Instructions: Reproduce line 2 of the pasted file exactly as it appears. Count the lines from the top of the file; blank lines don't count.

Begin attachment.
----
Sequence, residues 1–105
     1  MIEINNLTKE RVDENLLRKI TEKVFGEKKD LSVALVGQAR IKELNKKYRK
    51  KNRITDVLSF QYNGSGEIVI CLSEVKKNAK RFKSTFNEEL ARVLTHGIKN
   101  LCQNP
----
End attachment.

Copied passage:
     1  MIEINNLTKE RVDENLLRKI TEKVFGEKKD LSVALVGQAR IKELNKKYRK